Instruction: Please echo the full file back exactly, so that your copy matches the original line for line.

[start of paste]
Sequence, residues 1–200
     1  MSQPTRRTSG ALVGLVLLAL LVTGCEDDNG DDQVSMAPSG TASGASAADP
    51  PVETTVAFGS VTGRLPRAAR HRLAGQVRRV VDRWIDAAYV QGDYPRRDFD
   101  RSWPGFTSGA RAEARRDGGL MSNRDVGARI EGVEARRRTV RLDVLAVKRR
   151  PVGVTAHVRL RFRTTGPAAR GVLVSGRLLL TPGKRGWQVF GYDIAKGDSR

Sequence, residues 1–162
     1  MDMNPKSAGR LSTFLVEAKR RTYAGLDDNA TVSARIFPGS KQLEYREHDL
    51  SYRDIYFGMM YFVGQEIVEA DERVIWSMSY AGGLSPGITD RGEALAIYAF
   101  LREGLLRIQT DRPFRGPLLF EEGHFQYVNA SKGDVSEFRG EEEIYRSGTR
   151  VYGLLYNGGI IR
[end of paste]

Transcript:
Sequence, residues 1–200
     1  MSQPTRRTSG ALVGLVLLAL LVTGCEDDNG DDQVSMAPSG TASGASAADP
    51  PVETTVAFGS VTGRLPRAAR HRLAGQVRRV VDRWIDAAYV QGDYPRRDFD
   101  RSWPGFTSGA RAEARRDGGL MSNRDVGARI EGVEARRRTV RLDVLAVKRR
   151  PVGVTAHVRL RFRTTGPAAR GVLVSGRLLL TPGKRGWQVF GYDIAKGDSR

Sequence, residues 1–162
     1  MDMNPKSAGR LSTFLVEAKR RTYAGLDDNA TVSARIFPGS KQLEYREHDL
    51  SYRDIYFGMM YFVGQEIVEA DERVIWSMSY AGGLSPGITD RGEALAIYAF
   101  LREGLLRIQT DRPFRGPLLF EEGHFQYVNA SKGDVSEFRG EEEIYRSGTR
   151  VYGLLYNGGI IR